Cheatsheet: Productivity-boosting Bash shortcuts

The default Linux Bash shell might, at first, feel like a rather restrictive environment to work in. Many users get stuck on the inability to select text with the mouse, or having to rely heavily on the arrow keys to fix a small issue toward the end of a long command.

The truth is that Bash is actually quite user-friendly—once you know how to control all of its nuances. So, if you’re going to spend any meaningful amount of time on your VPS, maintaining it or installing new services via the command line, you’ll benefit from learning these Bash shortcuts.

First off, let’s just throw all the shortcuts at you, and then follow that up with some more detail on a select few, plus video!

Ctrl + aGo to the beginning of the line.
Ctrl + eGo to the end of the line.
Alt + fMove the cursor forward one word.
Alt + bMove the cursor back one word.
Ctrl + fMove the cursor forward one character.
Ctrl + bMove the cursor back one character.
Ctrl + xxToggle between the current cursor position and the beginning of the line.
Ctrl + _Undo! (And, yes, that’s an underscore, so you’ll probably need to use Shift as well.)
Ctrl + xCtrl + eEdit the current command in your $EDITOR.
Alt + dDelete the word after the cursor.
Alt + DeleteDelete the word before the cursor.
Ctrl + dDelete the character beneath the cursor.
Ctrl + hDelete the character before the cursor (like backspace).
Ctrl + kCut the line after the cursor to the clipboard.
Ctrl + uCut the line before the cursor to the clipboard.
Ctrl + dCut the word after the cursor to the clipboard.
Ctrl + wCut the word before the cursor to the clipboard.
Ctrl + yPaste the last item to be cut.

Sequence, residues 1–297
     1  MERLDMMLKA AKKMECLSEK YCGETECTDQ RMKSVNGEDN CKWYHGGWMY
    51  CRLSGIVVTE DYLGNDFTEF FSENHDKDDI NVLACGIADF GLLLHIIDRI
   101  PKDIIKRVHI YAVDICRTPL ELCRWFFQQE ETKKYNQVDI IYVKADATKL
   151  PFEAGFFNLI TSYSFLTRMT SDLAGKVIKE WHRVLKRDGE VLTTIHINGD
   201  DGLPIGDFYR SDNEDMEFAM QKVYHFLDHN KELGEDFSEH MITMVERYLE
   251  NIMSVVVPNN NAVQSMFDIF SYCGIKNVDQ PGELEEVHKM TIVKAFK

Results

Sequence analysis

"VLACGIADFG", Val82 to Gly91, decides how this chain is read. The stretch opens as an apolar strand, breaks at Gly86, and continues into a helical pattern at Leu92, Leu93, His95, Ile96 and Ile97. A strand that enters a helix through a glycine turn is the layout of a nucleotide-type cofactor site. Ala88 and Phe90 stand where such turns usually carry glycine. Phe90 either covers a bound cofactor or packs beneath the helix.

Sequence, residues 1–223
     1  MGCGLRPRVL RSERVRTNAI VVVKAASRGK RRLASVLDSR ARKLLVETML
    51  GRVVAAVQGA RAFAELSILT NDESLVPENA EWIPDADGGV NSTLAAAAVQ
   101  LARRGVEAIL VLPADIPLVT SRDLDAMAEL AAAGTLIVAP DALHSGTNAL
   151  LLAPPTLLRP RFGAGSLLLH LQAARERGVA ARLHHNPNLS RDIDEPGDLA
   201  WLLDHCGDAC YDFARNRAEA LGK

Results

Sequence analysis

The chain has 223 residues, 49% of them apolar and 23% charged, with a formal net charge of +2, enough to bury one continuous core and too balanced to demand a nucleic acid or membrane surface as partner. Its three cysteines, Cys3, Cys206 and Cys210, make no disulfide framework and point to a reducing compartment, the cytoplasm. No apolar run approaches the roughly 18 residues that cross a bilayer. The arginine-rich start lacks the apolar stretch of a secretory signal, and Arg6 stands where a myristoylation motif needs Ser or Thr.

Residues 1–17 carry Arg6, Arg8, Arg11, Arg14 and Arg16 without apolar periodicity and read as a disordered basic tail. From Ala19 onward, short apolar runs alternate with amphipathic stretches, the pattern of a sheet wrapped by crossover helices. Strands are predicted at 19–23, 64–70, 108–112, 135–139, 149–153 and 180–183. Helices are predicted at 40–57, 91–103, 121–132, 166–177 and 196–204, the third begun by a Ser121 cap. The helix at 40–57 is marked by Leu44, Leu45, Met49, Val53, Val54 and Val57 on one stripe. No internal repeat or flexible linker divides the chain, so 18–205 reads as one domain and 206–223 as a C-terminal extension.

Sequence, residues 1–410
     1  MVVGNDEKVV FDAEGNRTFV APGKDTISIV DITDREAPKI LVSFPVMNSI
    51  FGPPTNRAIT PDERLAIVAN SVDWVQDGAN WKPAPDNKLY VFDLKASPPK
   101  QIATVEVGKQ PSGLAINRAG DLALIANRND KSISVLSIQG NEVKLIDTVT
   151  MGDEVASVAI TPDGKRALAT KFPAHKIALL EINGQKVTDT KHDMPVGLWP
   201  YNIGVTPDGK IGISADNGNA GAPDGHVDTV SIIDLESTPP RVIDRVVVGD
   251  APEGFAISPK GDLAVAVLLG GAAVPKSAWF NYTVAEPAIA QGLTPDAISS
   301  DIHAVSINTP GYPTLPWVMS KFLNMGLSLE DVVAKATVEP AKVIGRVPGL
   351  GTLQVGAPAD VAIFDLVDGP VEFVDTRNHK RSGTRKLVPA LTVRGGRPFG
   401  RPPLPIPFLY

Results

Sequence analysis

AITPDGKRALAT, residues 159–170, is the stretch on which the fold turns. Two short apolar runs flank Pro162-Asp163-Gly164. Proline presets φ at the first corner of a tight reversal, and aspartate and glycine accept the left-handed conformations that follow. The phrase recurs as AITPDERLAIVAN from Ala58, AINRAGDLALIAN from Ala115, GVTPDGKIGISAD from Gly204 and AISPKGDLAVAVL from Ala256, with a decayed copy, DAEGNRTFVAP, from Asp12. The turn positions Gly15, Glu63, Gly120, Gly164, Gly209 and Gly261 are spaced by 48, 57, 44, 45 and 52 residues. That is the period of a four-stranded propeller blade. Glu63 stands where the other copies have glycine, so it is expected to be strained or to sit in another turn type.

Ctrl + lClear the entire screen (like the clear command).
Ctrl + zPlace the currently running process into a suspended background process (and then use fg to restore it).
Ctrl + cKill the currently running process by sending the SIGINT signal.
Ctrl + dExit the current shell.
Enter~.Exit a stalled SSH session.
Ctrl + rBring up the history search.
Ctrl + gExit the history search.
Ctrl + pSee the previous command in the history.
Ctrl + nSee the next command in the history.

All of these keyboard shortcuts are enabled by Emacs mode in Bash. If you’d like to use Vi shortcuts instead, you can enable that mode and use different shortcuts instead. In addition, most of these are compatible with Zsh as well, although you might find that a few don’t work or require slightly altered shortcuts.

As promised, let’s take a slightly longer dive into some of the more complex shortcuts, particularly the ones that could benefit from some visual reinforcement as to their function.

Ctrl + x + x

Technically, this command is activated by hitting Ctrl + x twice, but it also works to just hold down Ctrl and hit x twice.

This command is particularly useful if you want to quickly hop to the beginning of a lengthy command to fix something at the beginning, and then hop to the end.

Ctrl + _

The magical undo keystroke! If you accidentally delete a character or even a whole word via some of the shortcuts listed above, not all is lost. This even works after deleting a whole line with Ctrl + u, but doesn’t work after you’ve executed the command.

Ctrl + l

Clearing the terminal is less about productivity, perhaps, and more about aesthetics, or starting from a clean slate. Whatever your reason, this simple command will help you keep track of your prompt and put the past behind you.

Ctrl + c

The SIGINT shortcut is, truly, one of the most used shortcuts out there. It will attempt to interrupt the currently running process, and is used frequently to stop commands entered with a typo, or those that appear to have hung up.

The next steps

We hope this is a useful resource as you work to become more proficient in navigating the Linux terminal with ease. Learning all of these shortcuts—or even a select few of them—will take some time, but your efforts won’t go unrewarded.

If you have a favorite Bash shortcut that you’d like to share, we would love to hear it! Let us know the details in the comments and we’ll add it to the list. We hope this will become an ever-growing and ever-improving resource, so we’re always looking for more contributions.


  • 2017.07.20:
    • Added exit a stalled SSH sessionexit the current shelledit the current command in your $EDITOR.
    • Added the History section.
  • 2017.07.13: Initial version!